Do Zombie Subdivisions Have a Future?

Alana Semuels writes about the state of the zombie subdivisions scattered around the western United States—a derelict reminder of the high water mark of the last master planned community building boom.
November 17, 2014, 11am PST | James Brasuell | @CasualBrasuell
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The article starts out by painting the picture of the zombie subdivisions on the edge of Stockton, California, where an abandoned development now remains only partially completed.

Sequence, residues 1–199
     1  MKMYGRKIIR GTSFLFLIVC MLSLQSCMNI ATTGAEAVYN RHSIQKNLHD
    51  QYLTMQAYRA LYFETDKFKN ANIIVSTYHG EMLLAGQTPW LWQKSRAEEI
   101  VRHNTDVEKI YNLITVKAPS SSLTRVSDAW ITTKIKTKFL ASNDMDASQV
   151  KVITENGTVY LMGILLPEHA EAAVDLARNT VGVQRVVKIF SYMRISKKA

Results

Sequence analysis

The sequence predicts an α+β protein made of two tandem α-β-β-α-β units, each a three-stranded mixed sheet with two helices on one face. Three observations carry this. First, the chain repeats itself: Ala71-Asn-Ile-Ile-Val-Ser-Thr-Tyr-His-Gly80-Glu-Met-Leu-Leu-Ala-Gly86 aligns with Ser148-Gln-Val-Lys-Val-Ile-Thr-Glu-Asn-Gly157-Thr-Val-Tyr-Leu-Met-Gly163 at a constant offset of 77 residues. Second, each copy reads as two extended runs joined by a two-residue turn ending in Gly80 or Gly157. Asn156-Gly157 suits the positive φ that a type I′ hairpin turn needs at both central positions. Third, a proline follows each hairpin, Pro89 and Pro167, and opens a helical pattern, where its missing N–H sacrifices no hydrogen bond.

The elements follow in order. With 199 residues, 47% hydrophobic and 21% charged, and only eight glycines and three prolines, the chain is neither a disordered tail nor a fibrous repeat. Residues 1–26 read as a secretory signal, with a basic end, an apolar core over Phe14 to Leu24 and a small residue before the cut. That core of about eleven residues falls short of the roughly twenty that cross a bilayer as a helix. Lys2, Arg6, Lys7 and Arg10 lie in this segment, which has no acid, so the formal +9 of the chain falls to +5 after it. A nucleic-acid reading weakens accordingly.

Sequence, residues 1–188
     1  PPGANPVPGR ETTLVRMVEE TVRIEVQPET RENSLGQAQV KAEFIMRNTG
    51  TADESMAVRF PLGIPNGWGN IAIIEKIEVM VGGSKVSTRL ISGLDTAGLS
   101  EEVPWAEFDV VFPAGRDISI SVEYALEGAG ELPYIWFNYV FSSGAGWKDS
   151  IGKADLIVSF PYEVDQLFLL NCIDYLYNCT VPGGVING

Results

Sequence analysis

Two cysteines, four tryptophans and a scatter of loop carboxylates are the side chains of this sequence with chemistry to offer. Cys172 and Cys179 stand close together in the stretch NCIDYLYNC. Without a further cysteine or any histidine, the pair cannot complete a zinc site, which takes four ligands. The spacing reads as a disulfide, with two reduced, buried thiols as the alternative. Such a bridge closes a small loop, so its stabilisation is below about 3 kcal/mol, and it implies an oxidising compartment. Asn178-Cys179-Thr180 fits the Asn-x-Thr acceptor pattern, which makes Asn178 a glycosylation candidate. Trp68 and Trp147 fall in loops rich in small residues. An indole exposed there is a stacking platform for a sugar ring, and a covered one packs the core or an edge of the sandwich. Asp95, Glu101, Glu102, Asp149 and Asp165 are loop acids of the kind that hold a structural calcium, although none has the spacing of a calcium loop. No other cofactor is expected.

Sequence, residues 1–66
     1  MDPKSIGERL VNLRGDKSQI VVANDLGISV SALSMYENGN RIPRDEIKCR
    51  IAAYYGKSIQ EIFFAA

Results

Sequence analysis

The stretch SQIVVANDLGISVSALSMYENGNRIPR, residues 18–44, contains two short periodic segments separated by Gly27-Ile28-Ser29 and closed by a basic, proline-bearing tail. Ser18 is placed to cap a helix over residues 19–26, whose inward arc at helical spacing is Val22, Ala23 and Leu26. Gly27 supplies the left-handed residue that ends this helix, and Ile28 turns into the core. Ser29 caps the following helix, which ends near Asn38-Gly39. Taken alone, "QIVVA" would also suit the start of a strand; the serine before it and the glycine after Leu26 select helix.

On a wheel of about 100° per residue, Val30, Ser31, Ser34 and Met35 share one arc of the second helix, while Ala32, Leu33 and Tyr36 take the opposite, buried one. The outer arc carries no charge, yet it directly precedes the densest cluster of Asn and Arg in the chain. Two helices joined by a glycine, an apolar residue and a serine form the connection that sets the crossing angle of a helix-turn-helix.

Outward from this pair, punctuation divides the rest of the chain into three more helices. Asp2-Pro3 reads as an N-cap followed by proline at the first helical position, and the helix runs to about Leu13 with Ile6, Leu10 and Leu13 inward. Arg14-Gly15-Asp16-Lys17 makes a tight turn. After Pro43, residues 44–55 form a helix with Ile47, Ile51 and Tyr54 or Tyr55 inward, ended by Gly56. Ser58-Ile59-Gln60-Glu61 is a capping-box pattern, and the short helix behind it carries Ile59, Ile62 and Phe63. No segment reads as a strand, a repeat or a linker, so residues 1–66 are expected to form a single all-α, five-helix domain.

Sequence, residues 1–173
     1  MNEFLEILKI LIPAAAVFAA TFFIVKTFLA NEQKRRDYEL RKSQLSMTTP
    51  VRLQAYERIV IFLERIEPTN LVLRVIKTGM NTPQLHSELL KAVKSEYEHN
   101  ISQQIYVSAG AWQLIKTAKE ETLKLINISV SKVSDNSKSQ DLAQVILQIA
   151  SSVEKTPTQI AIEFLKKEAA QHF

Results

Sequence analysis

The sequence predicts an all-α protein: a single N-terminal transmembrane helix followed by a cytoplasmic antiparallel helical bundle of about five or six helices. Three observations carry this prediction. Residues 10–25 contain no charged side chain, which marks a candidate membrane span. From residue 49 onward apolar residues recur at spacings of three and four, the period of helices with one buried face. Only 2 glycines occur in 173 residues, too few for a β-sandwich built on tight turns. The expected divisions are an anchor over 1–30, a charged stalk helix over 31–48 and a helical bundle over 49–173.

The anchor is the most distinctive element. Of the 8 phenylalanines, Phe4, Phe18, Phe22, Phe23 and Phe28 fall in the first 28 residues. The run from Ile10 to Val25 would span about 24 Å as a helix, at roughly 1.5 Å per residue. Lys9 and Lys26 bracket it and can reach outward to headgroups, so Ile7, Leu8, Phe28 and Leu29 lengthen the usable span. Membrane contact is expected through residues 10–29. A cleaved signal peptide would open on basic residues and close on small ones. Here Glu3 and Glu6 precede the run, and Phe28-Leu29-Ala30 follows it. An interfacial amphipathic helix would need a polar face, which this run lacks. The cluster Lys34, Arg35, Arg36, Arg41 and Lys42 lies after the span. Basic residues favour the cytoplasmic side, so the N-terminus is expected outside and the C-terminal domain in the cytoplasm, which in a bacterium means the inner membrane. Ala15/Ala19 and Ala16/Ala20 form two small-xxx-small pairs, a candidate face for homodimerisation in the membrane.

"There are hundreds of zombie subdivisions like this one scattered across the country. They're one of the most visible reminders of the housing boom and bust, planned and paved in the heady days where it seemed that everybody wanted a home in the suburbs, and could afford it, too. But when the economy tanked, many of the developers behind these subdivisions went belly-up, and construction stopped."

After examining some of the more pernicious effects of zombie subdivisions, Semuels goes on to examine how developers and communities are dealing with the challenges presented by zombie subdivisions now that the economy is in a slow recovery.

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Published on Friday, November 14, 2014 in The Atlantic
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